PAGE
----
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More Council redistricting drama

Greg liveblogs today’s special City Council meeting on the Census population report and Council redistricting. Read it for a blow-by-blow account of where individual Council members are standing, or which way they’re leaning, on the question. This could be a very close vote.

The Chron summarizes the issues in an editorial.

Now, a group of mostly Anglo and conservative district council members is attempting to undermine those multiple agreements by fighting the expansion on demographic, financial and partisan grounds. Their reasoning is untenable and would lead the city into an expensive legal cul-de-sac.

First the demographics. The recently announced U.S. Census results listed the city’s population in April 2010 as 2,099,451, or 549 people short of 2.1 million. Opponents of expansion have seized on that number to claim expansion is not legally justified. However, in a report to City Council, consultant Jerry Wood identified ample errors in the census enumeration. He concluded that just by adding neighborhoods mistakenly put outside the city limits, Houston’s population would be over the magic figure. The city has filed an appeal challenging the census totals.

The other issues raised by opponents — the costs of two new council offices and supposed political manipulation to put more liberals on the non-partisan council — do not touch the essence of the matter. The city is legally bound to carry out redistricting and expansion.

Mayor Annise Parker notes that whichever route council takes, the city likely will be sued by one faction or another. But with the extensive legal commitments in the past for expansion, she says she’d “rather be on the side of history.”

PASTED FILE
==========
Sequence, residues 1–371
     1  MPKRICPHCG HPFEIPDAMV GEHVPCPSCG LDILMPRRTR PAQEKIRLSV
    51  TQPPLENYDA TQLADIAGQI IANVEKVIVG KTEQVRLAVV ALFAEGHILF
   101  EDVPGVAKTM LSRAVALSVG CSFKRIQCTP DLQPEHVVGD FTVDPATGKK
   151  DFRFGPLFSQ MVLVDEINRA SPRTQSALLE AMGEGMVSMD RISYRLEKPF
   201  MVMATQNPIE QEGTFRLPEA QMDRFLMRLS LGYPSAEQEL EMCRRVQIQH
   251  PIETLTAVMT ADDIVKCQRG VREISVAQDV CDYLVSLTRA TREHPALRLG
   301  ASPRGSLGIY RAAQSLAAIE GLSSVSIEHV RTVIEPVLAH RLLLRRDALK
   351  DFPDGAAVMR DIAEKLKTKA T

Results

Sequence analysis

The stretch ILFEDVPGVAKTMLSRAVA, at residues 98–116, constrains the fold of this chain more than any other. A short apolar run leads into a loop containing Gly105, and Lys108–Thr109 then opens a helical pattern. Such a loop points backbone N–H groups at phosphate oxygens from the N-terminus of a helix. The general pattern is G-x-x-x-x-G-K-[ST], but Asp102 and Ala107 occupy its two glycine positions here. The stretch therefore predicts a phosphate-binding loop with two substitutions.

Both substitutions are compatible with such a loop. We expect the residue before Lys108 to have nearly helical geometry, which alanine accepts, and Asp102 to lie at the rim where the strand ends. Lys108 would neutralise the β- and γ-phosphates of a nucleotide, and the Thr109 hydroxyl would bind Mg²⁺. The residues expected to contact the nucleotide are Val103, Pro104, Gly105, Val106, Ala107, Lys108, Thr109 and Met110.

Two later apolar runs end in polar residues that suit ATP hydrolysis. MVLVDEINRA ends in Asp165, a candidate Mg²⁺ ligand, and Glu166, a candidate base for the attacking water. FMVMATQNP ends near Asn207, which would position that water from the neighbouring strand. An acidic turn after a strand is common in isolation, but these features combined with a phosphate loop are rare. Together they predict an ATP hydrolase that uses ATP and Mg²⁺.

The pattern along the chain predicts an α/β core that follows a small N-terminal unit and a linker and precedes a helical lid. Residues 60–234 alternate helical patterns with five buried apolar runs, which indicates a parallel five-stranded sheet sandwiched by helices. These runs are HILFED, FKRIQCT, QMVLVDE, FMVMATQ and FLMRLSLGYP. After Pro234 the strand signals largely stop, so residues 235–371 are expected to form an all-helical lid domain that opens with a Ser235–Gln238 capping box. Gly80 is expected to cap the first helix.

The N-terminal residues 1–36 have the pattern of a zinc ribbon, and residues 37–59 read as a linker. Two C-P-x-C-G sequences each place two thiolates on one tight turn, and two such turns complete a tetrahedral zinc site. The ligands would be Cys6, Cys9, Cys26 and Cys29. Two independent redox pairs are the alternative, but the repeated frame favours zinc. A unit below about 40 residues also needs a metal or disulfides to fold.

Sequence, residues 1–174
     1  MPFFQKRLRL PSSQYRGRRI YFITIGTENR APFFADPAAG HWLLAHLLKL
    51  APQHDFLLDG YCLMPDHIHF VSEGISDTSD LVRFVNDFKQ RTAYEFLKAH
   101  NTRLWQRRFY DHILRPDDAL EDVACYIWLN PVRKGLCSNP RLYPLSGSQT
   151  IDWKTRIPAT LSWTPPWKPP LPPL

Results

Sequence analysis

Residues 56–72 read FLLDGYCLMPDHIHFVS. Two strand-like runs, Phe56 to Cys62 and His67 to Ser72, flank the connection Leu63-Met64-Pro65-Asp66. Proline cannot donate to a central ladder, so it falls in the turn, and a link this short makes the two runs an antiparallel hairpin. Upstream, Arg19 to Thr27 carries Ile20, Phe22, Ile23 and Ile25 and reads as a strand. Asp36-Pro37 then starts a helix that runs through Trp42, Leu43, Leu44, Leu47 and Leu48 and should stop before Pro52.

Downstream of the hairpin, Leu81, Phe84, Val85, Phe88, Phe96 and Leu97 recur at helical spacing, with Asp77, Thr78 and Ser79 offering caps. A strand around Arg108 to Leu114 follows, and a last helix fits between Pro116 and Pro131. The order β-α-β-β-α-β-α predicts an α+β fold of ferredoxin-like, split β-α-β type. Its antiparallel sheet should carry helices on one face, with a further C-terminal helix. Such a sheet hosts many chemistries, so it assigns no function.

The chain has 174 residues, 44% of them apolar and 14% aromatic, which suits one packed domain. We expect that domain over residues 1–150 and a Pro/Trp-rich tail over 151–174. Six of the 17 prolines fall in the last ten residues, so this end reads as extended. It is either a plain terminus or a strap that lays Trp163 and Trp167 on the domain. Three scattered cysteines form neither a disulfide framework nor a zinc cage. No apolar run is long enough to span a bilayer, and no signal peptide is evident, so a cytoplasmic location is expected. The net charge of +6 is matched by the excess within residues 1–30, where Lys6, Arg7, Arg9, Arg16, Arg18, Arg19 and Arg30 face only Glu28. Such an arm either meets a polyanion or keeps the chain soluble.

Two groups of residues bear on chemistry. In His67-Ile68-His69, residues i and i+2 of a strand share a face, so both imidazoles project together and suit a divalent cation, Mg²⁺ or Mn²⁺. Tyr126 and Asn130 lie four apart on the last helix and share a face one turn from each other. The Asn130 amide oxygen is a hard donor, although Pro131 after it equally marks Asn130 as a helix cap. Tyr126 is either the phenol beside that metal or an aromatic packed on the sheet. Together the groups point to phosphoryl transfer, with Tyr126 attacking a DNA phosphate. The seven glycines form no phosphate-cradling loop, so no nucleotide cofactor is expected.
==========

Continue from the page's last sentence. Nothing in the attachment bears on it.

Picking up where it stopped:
Yes. That. We had a deal, we need to live up to it. I’ve yet to see a convincing argument against that.

Dr. Murray adds on.

Let us suppose a majority of council refuses to follow through on the nine-to-eleven expansion of districts. That refusal will absolutely assure the City is sued. A trial, at great expense, will follow sometime down the road As an expert witness in redistricting litigation since 1971, I do not think the defenders of no action can find a credible expert to testify that, as of whatever day in 2011 or 2012 or 2013, when the expert is in the witness box, that there are fewer than 2.1 million in the city. That means the city almost certainly loses the case, and then must compensate the attorneys who brought the action, as well as cover their own litigation expenses.

Murray points out that Houston grew by an average of almost 15,000 residents per year last decade. Even if you agree that the Census counted every last person in Houston as of last April, do we really think we’re still 500-some people short of 2.1 million today?

Mary Benton notes that the Texas Asian American Redistricting Initiative (TAARI), a project of the Washington, D.C.-based Asian American Justice Center, has announced its support of proceeding with the two extra Council districts. I think we’re going to need to hear from more groups like this.

Campos and Stace discuss redistricting and Kingwood. Let’s just say that some parts of the city dislike the idea of two more Council seats than some others do.

Finally, here’s a letter from the Montie Beach Civic Club, advocating for it and the Brooke Smith subdivision to be kept with the rest of the Heights in a single City Council district. This is in conjunction with the One Heights, One District movement, about which you can lean more here or send email to [email protected] for more information.

UPDATE: Here’s a further update from Greg.

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